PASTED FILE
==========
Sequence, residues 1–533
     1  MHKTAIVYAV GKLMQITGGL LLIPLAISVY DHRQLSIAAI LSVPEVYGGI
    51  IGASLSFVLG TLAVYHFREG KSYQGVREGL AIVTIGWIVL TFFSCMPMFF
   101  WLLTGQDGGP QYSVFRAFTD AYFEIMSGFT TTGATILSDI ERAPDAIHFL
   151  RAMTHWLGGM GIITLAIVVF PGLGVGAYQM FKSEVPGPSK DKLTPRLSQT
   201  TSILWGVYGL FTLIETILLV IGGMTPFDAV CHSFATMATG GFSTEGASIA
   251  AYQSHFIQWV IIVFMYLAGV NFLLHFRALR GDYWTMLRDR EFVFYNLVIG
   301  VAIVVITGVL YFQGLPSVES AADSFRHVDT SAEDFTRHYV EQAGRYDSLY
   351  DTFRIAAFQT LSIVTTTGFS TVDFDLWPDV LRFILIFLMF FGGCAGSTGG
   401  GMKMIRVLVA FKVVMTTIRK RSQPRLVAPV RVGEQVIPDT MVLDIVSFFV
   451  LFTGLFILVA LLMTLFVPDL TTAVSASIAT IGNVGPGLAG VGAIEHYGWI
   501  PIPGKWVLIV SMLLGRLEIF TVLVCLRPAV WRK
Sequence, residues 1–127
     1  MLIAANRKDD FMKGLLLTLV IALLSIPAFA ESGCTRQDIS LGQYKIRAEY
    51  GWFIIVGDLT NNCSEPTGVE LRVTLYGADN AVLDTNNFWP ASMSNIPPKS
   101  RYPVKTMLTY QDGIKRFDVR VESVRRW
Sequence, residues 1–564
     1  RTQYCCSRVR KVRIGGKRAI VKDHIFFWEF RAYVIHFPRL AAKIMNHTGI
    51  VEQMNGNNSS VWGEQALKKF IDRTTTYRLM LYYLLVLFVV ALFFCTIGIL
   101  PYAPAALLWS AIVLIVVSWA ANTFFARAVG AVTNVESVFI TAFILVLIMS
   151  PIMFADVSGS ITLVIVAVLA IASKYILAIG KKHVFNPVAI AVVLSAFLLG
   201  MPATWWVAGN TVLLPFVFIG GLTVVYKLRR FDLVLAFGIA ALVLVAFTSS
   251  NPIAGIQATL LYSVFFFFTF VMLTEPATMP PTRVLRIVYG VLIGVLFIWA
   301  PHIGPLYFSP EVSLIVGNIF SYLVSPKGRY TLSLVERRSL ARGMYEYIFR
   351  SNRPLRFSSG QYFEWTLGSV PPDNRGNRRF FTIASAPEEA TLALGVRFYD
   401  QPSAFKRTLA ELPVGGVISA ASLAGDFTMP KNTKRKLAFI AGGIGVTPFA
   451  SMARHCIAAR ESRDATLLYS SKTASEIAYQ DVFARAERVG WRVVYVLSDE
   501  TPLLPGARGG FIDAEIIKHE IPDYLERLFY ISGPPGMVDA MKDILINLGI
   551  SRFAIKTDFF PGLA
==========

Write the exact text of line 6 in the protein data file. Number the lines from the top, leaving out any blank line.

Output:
   201  TSILWGVYGL FTLIETILLV IGGMTPFDAV CHSFATMATG GFSTEGASIA